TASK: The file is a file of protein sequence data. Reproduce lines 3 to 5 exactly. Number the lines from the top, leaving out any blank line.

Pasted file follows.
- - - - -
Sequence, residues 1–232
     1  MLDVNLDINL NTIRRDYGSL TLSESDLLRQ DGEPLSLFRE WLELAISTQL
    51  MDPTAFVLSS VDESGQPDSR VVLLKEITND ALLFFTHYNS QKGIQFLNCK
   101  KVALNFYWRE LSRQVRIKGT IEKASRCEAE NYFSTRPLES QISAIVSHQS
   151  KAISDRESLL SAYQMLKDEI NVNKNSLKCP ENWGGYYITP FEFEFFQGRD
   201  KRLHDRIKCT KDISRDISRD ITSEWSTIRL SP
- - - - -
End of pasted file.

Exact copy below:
    51  MDPTAFVLSS VDESGQPDSR VVLLKEITND ALLFFTHYNS QKGIQFLNCK
   101  KVALNFYWRE LSRQVRIKGT IEKASRCEAE NYFSTRPLES QISAIVSHQS
   151  KAISDRESLL SAYQMLKDEI NVNKNSLKCP ENWGGYYITP FEFEFFQGRD